It’s a full-time job with new challenges every week to produce a sporting event on one network. Thanks to ESPN’s “BCS Megacast” undertaking announced this morning, the production crew for the VIZIO BCS National Championship – No. 1 Florida State versus No. 2 Auburn (Monday, Jan. 6, 8:30 p.m. ET) – will have their responsibilities increased about six-fold. As part of the Megacast, ESPN will provide multiple live presentations of the game across ESPN, ESPN2, ESPNEWS, ESPN Classic, ESPN Radio, ESPN Deportes, ESPN3 and ESPN Goal Line. ESPN.com and ESPN’s social media platforms also will provide game-specific content.
Ed Placey, the senior coordinating producer of ESPN’s college football coverage, is responsible for bringing the ideas to life. He took time out of the planning to speak with Front Row:
What is ESPN’s history with multi-platform coverage of one game?
We’ve been working on and tinkering with multi-screen coverage approaches for many years, such as the various Full Circle events we did in 2006. We’ve continued these concepts with second platform versions of games on Longhorn Network and ESPNU. Those left us wanting to do more, fine-tune the approaches and try new ones. This one will be the biggest multi-screen project we’ve done but one that will achieve so many concepts we’ve envisioned.
What has the planning process been like with so many moving parts and different variations?
It’s been a tremendous process because it’s explorative and collaborative in ways that only a few projects allow us on this scale. So many different departments have jumped in on this because of the opportunity to do things in ways they’ve not been done before. It’s energizing. The more enjoyable challenges are finding the best ways to maximize every resource. For example, we will have full-time isolated shots of both coaches that will serve six of the networks simultaneously and SpiderCam will serve three of the networks.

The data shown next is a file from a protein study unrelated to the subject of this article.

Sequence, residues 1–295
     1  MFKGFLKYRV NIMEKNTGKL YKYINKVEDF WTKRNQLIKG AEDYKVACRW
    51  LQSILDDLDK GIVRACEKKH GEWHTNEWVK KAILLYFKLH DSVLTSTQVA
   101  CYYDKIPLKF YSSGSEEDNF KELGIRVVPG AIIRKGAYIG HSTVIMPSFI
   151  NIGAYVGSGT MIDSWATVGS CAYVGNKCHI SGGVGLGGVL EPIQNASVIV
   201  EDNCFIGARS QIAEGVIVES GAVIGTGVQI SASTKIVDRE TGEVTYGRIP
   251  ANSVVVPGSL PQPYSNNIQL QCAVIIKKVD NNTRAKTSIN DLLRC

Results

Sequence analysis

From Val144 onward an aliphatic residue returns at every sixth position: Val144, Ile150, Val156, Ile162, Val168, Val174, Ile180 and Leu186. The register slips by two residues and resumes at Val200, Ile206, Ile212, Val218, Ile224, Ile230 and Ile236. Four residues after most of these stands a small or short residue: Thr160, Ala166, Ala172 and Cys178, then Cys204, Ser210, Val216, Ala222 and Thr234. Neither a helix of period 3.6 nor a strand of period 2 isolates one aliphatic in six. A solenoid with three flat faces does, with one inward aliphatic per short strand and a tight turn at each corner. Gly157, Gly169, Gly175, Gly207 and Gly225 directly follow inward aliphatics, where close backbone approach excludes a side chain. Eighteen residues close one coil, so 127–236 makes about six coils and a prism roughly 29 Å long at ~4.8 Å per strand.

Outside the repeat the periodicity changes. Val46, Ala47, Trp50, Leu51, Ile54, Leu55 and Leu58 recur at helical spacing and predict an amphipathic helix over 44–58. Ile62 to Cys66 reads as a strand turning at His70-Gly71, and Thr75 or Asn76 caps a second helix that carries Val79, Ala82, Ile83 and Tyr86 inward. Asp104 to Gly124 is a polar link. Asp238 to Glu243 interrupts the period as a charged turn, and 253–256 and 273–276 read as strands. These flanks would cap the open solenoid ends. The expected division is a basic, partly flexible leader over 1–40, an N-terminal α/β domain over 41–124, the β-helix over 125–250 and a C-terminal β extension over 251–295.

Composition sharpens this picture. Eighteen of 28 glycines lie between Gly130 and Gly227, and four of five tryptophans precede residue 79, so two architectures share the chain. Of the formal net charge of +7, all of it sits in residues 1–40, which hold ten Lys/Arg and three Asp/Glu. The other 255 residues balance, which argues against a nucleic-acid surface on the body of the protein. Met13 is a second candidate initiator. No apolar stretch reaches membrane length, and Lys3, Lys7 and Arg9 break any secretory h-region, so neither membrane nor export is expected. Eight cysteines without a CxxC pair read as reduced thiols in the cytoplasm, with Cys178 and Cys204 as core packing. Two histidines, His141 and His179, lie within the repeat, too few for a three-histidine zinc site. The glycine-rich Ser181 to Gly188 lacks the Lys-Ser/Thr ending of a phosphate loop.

How will BCS Megacast benefit fans?
It will open them up to new ways of experiencing a game and provide an opportunity to sample new possibilities for how they consume a big event that might not have occurred to them. We have a first-rate traditional telecast leading the charge, which allows us to explore these new possibilities that would be hard to consider if it were the only manner to watch the game. This allows us to appeal to different tastes and to niche audiences who like non-traditional productions. Since its beginnings, TV has taught audiences how to view sporting events in different ways and that view has constantly evolved over the years. For example, the very first replays took some getting used to (in fact, there used to be a graphic over it that said “replay”), the first full-time mini-board, the first virtual first down marker, the first full-time bottom line . . . As viewers acclimated to new viewing experiences, they learned how to watch in new ways. This gives us the opportunity to explore the next steps in that evolution.
What would you consider a successful Megacast?
The main ESPN telecast is still the priority for us and will still be the standard by which our coverage is judged. We will not allow it to be impacted by BCS Megacast. If we have a great game on the field and nail it on that main coverage, then everything else is icing. But we do want to walk away learning from our various Megacast explorations for the benefit of future production approaches that may even become more traditional someday. We want to monitor viewer reaction and learn more about their experiences, then apply what we learn to future Megacasts.